• Representative traces are shown for pulses of the indicated durations and two amplitudes, delta I=500 pA (left column of plots) and 750 pA (right column of plots), which model events from the short DNA and RNA molecules, respectively. A plot of the mean delta I values vs. pulse duration shows that events of duration ≦20 microseconds are attenuated. However, the attenuation factor is similar for the 500 pA and the 750 pA pulses: for the 8 microsecond pulses that are detected as a single sample point, the peak amplitude was attenuated by 14% for both pulse amplitudes.
  • Exemplary Embodiments
  • One exemplary embodiment of the disclosed devices is shown in FIG. 73. The device will be described here illustrating its use in detecting miRNA, but the device may be used for detecting other analytes, such as DNA and RNA.
  • In some embodiments, the devices may include a Si-chip. Such chips may have an area of only a few mm2. For example, one may use a 5×5 mm2 device, with a transparent SiN window that is 100×100 μm2. The devices may integrate the disclosed nanopore/electrode devices with fluidics such that analyte isolation (e.g., p19-based miRNA isolation) can be performed in real time.
  • In some embodiments (illustrated by FIG. 61 a), the device accepts an input sample (such as cell contents, including cellular RNA), hybridizes the sample to a probe (e.g., a miRNA probe), immobilizes the probe:analyte duplex (e.g., onto protein p19). The user may then wash, elute, and detect the analyte (miRNA) concentration. These devices thus enable multiplexed delivery and detection of miRNAs using a series of nanopores equipped with electrodes.
  • The signals (such as changes in electrical current) may be read using independent electrodes that are disposed proximal to each nanopore. The devices are suitably constructed such that nanopores are individually monitored or addressed by electrodes. In this way, the user may assign different analytes to different nanopores, enabling simultaneous, parallel analysis of multiple analytes.
  • By analyzing the current signal as a function of time, the concentration of each miRNA in each channel is quantified, which may be achieved by comparing the signal (or passage events per time) to a calibration curve. Exemplary electrodes are described in United States Published Applications US 2010/0142259 (“Nanogaps: Methods and Devices Containing Same”) and US 2010/0009134 (“Beam Ablation Lithography”), the entireties of which are incorporated herein by reference.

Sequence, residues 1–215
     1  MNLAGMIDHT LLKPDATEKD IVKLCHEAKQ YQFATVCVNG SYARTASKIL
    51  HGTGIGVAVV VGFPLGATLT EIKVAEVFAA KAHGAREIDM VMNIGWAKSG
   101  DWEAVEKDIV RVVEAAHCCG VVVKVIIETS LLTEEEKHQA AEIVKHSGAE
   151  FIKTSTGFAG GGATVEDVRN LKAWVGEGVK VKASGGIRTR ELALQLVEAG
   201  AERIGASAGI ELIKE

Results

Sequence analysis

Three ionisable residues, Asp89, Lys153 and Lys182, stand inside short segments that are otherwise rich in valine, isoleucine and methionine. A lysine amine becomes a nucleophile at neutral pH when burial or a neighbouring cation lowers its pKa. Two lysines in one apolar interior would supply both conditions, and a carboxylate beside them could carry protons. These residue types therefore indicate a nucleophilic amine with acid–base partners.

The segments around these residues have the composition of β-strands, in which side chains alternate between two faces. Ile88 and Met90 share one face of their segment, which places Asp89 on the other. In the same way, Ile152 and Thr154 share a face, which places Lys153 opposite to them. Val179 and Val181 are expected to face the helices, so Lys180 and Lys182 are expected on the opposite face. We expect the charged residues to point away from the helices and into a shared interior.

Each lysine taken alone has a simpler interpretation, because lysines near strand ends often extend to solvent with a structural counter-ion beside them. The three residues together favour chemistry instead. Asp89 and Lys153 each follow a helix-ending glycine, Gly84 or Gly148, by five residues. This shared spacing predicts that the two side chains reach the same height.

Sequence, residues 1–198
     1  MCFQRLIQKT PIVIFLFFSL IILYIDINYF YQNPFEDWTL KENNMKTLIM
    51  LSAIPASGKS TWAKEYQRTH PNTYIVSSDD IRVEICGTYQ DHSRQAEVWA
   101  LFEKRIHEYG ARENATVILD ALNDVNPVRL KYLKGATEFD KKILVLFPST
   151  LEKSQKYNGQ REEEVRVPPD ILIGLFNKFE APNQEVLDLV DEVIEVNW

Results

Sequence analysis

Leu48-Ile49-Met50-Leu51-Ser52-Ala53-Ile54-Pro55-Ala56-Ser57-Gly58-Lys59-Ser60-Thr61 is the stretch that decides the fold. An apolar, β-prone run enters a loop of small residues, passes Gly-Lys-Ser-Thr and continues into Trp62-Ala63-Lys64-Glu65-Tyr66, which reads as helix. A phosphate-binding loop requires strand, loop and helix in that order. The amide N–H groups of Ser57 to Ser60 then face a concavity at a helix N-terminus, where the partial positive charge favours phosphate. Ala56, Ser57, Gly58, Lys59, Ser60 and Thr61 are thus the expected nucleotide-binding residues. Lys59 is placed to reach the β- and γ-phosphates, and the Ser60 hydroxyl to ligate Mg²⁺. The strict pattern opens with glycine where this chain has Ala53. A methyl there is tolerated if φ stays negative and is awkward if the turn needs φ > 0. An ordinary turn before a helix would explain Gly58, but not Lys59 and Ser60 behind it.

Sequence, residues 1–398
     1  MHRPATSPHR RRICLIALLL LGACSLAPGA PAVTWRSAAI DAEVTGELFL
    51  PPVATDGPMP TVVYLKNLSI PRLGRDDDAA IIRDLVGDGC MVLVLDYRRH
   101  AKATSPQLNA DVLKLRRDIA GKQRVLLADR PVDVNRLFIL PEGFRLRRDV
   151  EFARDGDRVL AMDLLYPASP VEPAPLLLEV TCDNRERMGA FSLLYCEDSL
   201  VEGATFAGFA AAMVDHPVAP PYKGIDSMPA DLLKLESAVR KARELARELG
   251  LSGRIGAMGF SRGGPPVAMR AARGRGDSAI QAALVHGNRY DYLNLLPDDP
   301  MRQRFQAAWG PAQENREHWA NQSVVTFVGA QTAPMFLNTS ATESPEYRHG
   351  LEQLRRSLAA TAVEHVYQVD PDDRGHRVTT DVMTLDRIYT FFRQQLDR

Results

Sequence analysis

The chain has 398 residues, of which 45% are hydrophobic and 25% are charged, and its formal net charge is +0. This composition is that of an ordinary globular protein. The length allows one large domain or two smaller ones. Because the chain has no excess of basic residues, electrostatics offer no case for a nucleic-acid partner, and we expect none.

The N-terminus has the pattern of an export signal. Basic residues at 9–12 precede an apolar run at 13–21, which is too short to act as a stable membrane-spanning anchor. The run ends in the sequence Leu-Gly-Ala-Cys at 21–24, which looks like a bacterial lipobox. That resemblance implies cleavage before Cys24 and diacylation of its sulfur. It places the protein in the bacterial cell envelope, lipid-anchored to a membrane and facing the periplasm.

• In the exemplary embodiment shown in FIG. 73, a device includes an input chamber. The user may introduce sample material (e.g., the contents of a lysed cell or cells) into this input chamber. The chamber may itself be a lysis chamber, configured to apply or receive lysis reagents, heat, sonication, pressure, and the like to a cell or other sample placed within the chamber. Lysing techniques and reagents are known in the art, and suitable lysing techniques will be known to the user of ordinary skill in the art. The lysing may be accomplished, for example, on a porous membrane under pressure. Alternatively, lysing may be accomplished chemically. In some embodiments, cell contents may be introduced directly into the chamber.
  • The input chamber may be configured or disposed such that it is in fluid communication with one or more nanopores according to the claimed invention. The fluid communication may be accomplished by having tubes, conduits, channels, or other pathways between the input chamber and the nanopores. The input chamber may have multiple outlets, where each outlet is connected to one or more channels. Alternatively, the input chamber may include or be connected to a manifold, which manifold in turn distributes sample material to the channels. The manifold may be constructed so as to admit material into only a single channel or into multiple channels. The devices suitably include a device that applies a gradient (e.g., fluid pressure, voltage, magnetic) to transport sample or analyte from one location in the device to another.
  • The exemplary embodiment of FIG. 73 illustrates channels connecting the chamber to the nanopores. The chamber may suitably have an internal volume of 0.1-100 ml, or 1-10 ml, or even about 5 ml, depending on the needs of the user; although larger and smaller volumes are also suitable. The chambers are suitably constructed from polymers, silicon, and from other materials known and used in the fluidics field.
  • The devices may be constructed such that the capture material, nanopores, channels, or all of the foregoing, are disposed on a chip or other device that is then connected to a sample source or input chamber. In other embodiments, the chamber, nanopores, channels, electrodes and capture materials are all disposed on a single, integrated device, as shown in FIG. 73. The components may be configured as part of a system, where a base or other unit accepts chips having sample containers, capture materials, nanopores, and electrodes in a snap-in or slide-in configuration. The base may include electrode that contact electrical contacts in the chips so as to apply a gradient or to address individual pores. The system may also include pumps, syringes, and/or other means that deliver fluids and samples to the input chambers, channels, pores, or other components.
  • The devices may be constructed such that each channel has a length of from 0.1 mm to 1 cm or even 10 cm or more. Channels may have internal cross-sectional dimensions of from 0.1 mm to 1 cm, or 1 mm to 100 mm, or even about 5 mm to 10 mm. The channels may be made from a polymer, silicon, an oxide, or other materials used in the fluidics field and known to those of skill in the art.